RAM airlines Sues Algerian FM over Unfounded Allegations

RAM airlines Sues Algerian FM over Unfounded Allegations

Morocco’s flag carrier RAM said it will sue the Algerian foreign minister in a court in Paris over his defamatory statements accusing the airline of carrying other things than passengers, in an allusion to cannabis.

French TV channel M6 and Moroccan news website le360 confirmed that the company has brought the case against Algeria’s FM before the French justice after he uttered statements on October 20 in a meeting with Algerian businessmen accusing Morocco’s flag carrier of carrying drugs and Moroccan banks of engaging in money laundering across Africa.

RAM had then issued a statement saying that Abdelkader Messahel’s statement “reveals a complete ignorance of the air sector, which is regulated by highly qualified international bodies.”

RAM rejects such false statements towards an airline, which has been working for years for fostering social and economic ties in Africa, said the statement, adding that RAM is an internationally-recognized company operating according to the best standards related to regulating global air transportation.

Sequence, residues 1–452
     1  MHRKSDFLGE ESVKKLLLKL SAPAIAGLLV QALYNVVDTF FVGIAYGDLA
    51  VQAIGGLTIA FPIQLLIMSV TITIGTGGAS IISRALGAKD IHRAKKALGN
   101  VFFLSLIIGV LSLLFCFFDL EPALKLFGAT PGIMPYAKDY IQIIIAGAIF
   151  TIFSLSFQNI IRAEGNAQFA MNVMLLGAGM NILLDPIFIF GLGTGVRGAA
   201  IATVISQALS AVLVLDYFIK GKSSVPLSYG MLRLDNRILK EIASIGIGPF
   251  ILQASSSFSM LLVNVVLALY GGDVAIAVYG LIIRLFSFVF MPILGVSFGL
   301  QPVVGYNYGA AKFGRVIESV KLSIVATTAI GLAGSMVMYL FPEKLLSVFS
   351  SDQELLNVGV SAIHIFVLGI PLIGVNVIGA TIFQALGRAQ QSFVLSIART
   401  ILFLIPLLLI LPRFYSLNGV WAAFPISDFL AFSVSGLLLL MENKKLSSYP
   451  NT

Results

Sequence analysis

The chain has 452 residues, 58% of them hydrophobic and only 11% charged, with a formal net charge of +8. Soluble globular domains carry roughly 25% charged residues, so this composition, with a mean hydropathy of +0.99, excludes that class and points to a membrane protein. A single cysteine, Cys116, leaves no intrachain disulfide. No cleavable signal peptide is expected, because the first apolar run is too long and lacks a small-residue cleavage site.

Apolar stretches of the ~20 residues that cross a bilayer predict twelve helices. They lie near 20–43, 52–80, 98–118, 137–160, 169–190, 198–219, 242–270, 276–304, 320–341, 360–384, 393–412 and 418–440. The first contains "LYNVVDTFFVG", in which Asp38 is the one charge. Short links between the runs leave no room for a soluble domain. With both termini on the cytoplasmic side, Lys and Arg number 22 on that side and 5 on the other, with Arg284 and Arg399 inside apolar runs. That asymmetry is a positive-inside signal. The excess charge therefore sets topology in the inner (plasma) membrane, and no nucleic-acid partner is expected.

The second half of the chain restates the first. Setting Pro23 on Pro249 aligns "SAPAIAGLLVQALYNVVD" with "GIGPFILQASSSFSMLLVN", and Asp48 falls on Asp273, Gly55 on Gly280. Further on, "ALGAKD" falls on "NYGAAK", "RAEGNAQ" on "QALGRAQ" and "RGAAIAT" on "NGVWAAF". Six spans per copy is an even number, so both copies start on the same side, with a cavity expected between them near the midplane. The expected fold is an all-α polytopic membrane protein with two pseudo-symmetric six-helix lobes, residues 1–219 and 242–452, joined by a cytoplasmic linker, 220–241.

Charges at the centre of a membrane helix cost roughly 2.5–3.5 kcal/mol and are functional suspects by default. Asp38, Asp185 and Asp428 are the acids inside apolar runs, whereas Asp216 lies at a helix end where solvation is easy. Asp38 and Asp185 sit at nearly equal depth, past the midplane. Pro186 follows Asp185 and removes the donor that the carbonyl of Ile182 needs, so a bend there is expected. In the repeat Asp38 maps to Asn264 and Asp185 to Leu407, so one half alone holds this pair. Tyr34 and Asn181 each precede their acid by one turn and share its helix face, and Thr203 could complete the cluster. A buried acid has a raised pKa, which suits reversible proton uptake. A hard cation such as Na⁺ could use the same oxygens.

RAM is the second airline in Africa and ranks among the world’s leading airlines benefiting from a 4-star airline certification by Skytrax, an international airline rating and review system.

“Royal Air Maroc” was also awarded by Skytrax, for three years in a row, the title of the best regional airline in Africa in recognition of its major role at the continental level.

With a 60-plane fleet, the carrier serves 97 destinations in four continents. The company employs over 4,000 employees of different nationalities.

RAM has partnered with leading groups as aircraft manufacturer Boeing, Safran in aircraft engine maintenance, Air France industries in aircraft maintenance, and Servair in the catering sector.

It has developed robust partnerships with major international airlines such as Qatar Airways, Iberia, Turkish Airlines, and Saudi Airlines. RAM has also trained hundreds of African pilots and technicians.

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